Matt asked me this question (Matt being Matthew Barganier, merciless editor at this Web site) in response to a draft rant from me about NATO’s role in Afghanistan. It’s a good question: what should NATO do in Afghanistan? Here’s my answer: (1) read the Globe and Mail, (2) take it to the streets. I don’t think there’s an Afghan edition of the Globe and Mail, but there should be. Home delivery in the Pashtun translation would solve a lot of problems, but it’s not like you can just throw a newspaper at somebody’s front porch in Kandahar at 6 a.m. without worrying about the consequences.
The Globe is "Canada’s National Newspaper" and has a distinguished history, blotted by its support for the Iraq misadventure and the Afghanistan disaster. I have been sarcastic about it on this very Web site; nevertheless, the Globe has some fabulous reporters who hold the keys to the future, and NATO should read these guys. Meanwhile, NATO is lining itself up for what Alexander Cockburn called The Tenth Crusade.
Pope Urban’s more famous (so far) First Crusade "took its first public shape at the Council of Piacenza, where in March 1095 Urban received an ambassador from the Byzantine emperor Alexius I Comnenus, asking for help against the Muslims." It didn’t work, relying as it did on primitive communications and technology. People had to be killed by hand. No more. A modern Crusade can be waged ruthlessly from space, at hypersonic speed, antiseptically, from anywhere within the continental USA or Brussels. North Americans, from right-wing nutbars like Ron Parsley to trendy Manhattan artist John Currin, have decided we’re at war with Islam, whoever "we" are.
Meanwhile George Bush (Urban Lite) will be flying to a NATO meeting in Romania to promote the "mission" in Afghanistan, which has not been defined but is legally a "collective right of self-defense" enshrined in the NATO Charter (Article 5) and the UN Charter (Article 51), and dignified by UN Security Council Resolution 1386 and subsequent extensions. So, now that NATO has defended itself by quelling the terrorist upwelling in Afghanistan that fearsome boring of termite holes into the Hindu Kush, with legions of mindless workers serving a bloated terrorist queen who incubates nuclear weapons composed of spare parts supplied by A.Q. Khan now that we’ve stopped all that, what do we do?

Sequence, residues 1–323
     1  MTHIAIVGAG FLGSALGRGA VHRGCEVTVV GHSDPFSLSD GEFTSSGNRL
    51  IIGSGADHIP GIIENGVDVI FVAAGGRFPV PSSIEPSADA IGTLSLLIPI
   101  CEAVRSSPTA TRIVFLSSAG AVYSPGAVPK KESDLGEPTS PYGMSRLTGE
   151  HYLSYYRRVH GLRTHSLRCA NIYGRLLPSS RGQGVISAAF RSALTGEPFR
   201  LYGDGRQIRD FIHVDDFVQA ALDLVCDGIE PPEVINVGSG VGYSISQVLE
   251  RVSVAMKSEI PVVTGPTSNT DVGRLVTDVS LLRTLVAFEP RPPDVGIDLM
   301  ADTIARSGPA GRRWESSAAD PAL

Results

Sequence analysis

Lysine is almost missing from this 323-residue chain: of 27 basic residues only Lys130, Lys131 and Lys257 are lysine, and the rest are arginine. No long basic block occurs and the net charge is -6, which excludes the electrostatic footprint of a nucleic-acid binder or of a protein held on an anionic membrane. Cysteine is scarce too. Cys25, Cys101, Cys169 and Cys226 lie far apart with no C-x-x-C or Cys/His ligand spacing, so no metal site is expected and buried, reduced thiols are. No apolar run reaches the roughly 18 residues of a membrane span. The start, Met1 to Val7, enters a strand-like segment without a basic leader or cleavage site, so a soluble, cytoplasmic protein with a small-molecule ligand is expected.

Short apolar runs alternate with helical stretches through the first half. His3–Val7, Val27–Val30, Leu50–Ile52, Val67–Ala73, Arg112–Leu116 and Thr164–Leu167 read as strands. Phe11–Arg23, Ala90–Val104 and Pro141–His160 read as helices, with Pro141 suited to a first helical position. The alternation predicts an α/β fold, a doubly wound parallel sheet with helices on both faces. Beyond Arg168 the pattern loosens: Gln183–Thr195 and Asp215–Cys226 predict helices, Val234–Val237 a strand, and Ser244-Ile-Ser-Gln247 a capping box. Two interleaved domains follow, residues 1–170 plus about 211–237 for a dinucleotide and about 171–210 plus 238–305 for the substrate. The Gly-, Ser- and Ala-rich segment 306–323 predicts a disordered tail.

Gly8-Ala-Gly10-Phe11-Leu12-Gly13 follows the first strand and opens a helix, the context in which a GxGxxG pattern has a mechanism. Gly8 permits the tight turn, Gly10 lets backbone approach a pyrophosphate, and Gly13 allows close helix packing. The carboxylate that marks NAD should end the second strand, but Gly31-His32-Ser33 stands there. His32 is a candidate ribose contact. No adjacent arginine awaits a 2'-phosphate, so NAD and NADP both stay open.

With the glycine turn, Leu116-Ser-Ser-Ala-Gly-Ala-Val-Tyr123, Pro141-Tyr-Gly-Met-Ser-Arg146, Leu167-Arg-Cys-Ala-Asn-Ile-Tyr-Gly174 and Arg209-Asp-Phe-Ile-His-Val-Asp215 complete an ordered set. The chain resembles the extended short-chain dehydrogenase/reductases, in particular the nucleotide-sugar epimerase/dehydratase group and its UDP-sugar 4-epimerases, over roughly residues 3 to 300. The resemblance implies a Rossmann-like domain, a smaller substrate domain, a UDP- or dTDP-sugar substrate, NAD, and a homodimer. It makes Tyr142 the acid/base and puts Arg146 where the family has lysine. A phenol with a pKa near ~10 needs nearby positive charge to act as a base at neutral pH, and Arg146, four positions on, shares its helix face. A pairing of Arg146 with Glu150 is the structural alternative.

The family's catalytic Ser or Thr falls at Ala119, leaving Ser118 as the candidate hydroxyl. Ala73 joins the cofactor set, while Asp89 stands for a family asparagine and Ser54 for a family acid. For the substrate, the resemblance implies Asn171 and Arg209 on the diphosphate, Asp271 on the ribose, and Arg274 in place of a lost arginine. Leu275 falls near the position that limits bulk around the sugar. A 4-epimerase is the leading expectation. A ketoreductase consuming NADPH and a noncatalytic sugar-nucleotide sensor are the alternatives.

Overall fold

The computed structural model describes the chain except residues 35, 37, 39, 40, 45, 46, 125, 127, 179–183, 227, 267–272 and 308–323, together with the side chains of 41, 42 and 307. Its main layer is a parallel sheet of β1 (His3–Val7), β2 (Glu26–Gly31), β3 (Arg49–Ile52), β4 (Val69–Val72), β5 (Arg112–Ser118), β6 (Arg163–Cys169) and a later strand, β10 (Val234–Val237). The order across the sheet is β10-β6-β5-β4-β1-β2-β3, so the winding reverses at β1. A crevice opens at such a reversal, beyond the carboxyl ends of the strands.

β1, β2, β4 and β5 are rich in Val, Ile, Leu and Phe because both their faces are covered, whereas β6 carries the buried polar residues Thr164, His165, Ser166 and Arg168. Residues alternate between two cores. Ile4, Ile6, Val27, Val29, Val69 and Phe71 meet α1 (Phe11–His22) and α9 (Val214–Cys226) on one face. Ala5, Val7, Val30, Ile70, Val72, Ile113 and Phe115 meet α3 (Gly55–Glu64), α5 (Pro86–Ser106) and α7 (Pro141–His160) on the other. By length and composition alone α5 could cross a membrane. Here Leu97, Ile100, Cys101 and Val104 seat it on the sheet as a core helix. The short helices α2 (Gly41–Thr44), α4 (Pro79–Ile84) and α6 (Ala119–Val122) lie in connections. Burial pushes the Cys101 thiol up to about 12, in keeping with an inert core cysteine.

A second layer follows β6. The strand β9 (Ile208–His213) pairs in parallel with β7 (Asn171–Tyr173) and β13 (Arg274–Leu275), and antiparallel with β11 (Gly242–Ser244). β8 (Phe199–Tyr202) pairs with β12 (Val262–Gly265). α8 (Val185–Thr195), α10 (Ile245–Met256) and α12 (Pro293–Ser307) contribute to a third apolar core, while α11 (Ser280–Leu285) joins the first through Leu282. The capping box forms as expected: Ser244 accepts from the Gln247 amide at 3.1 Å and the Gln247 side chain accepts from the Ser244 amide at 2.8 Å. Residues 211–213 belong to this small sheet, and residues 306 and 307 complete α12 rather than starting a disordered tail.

Go small or go home. Gen. Dan McNeill says it would take 400,000 NATO troops to occupy Afghanistan, and it ain’t gonna happen, there being some 40,000 troops available now, and many of those on a short leash. NATO is stuck in Afghanistan like the U.S. is stuck in Iraq. There is no plan. This was made clear by the French foreign minister, Bernard Kouchner, who obviously has a black sense of humor, since he explained that "a strategy is necessary." The real answer lies in the street.
As reported by Oliver Moore, heroic volunteers are immunizing children against polio in southern Afghanistan, and it’s working. As reported by Mark MacKinnon, local movements are achieving some peace and stability in the Middle East, where ponderous international intervention has failed. And as reported by Stephanie Nolen, local action in Mali has made an enormous difference in the quality of life for women and children.
What NATO should do is declare victory and go home. The future of the world lies in self-determination, not global policing. NATO should recognize that the military solution is bankrupt and withdraw. NATO can’t make Kosovo work, it can’t make Afghanistan work, it can’t make anything work. What it can do is support international humanitarian law, the International Committee of the Red Cross, and the United Nations (bumbling as these institutions might be), and withdraw, making offers of support for basic services such as clean water and clearance of land mines.
NATO’s origins in Placentia Bay, Newfoundland, were admirable, but something has gone terribly awry. Built to save the world from a totalitarian menace, NATO now seems a purpose without a cause, an enormous military enterprise drifting into the hands of people who think Pope Urban had the right idea but not enough firepower.